In yet another twist in a fishy tale, the fast-food chain Subway is pushing back once again against its tuna critics, launching a website in defense of its popular sandwich.
The site, subwaytunafacts.com, declares in block capitals “Subway tuna is real tuna”, with real underlined, with the company countering a claim made in June by a New York Times investigation that Subway’s tuna may not, in fact, be real.
A New York Times-commissioned lab test earlier this year acquired over 60in worth of Subway tuna sandwiches from three Los Angeles stores and engaged a specialized fish-testing lab. The results failed to identify a species, having found no tuna DNA, the newspaper reported.
According to a lab spokesperson, the Times noted: “There’s two conclusions. One, it’s so heavily processed that whatever we could pull out, we couldn’t make an identification. Or we got some and there’s just nothing there that’s tuna.”
On its newly launched website, Subway rejects the premise of the story, stating: “What actually happened is that the New York Times commissioned a test that couldn’t detect tuna DNA in their sample. According to scientific experts, this is not unusual when testing cooked tuna and it absolutely doesn’t mean the sample that was tested contained zero tuna.”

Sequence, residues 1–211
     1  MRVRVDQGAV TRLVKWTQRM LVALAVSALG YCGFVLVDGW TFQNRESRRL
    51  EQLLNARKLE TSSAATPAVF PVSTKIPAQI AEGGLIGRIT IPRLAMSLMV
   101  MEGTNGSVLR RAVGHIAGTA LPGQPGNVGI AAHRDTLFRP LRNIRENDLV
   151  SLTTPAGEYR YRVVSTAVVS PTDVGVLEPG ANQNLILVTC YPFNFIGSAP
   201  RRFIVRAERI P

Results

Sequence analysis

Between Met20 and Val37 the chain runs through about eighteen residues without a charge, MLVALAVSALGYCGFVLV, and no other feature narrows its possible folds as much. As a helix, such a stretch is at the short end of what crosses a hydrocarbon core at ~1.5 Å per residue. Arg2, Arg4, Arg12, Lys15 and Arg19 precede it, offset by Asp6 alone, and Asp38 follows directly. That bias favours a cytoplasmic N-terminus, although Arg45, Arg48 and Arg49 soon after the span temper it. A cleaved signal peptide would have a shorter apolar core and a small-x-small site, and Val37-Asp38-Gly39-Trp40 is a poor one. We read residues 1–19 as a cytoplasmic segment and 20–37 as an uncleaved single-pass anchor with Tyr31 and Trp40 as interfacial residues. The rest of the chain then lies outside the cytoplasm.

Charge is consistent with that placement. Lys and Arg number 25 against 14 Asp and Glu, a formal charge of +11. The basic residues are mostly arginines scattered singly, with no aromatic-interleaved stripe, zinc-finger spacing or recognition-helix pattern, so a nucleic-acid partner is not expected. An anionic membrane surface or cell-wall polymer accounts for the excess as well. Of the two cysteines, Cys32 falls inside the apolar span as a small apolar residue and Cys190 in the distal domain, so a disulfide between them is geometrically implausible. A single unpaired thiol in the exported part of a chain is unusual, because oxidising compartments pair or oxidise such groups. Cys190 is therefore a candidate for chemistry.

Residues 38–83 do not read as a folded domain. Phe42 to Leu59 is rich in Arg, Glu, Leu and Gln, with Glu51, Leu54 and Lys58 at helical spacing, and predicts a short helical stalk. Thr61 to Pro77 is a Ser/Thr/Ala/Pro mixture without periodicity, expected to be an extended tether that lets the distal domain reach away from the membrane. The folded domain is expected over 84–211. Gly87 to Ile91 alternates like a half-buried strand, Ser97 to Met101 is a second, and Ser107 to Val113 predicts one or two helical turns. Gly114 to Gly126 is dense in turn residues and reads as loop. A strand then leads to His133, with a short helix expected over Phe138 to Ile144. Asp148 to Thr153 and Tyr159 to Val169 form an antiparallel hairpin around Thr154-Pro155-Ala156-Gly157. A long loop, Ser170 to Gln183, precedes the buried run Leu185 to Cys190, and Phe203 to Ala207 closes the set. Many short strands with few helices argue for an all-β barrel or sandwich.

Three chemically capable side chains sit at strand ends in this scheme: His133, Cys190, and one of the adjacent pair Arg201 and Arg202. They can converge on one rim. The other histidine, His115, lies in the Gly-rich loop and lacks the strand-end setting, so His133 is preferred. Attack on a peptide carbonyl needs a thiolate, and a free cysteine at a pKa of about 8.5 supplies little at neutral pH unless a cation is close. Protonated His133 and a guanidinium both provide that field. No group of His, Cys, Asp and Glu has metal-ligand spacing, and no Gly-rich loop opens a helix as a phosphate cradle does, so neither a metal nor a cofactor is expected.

In addition, the website argues that the New York Times’ conclusion lacked important context surrounding the limitations of DNA testing of denatured proteins, indicating that the process of cooking and packaging tuna ultimately breaks down DNA fragments, thus making it difficult to accurately test for the processed fish.
Subwaytunafacts.com also provides a breakdown of the company’s quality control mechanisms that include the Seafood Import Monitoring Program’s requirement of complete tuna traceability, as well as multiple authenticity certificates associated with its tuna.
The New York Times is not the first to question the authenticity of Subway’s tuna. In January, a class-action lawsuit was filed against Subway in California that claimed the sandwich giant’s popular tuna subs were “completely bereft of tuna as an ingredient” and were rather a “mixture of various concoctions”.
The plaintiffs have since walked back on their original claims and instead now claim that Subway’s tuna is not 100% wild-caught skipjack and yellowfin tuna. Subway’s new website also rejects these claims, calling them “equally wrong” and a “reckless and improper attack” on its brand and goodwill.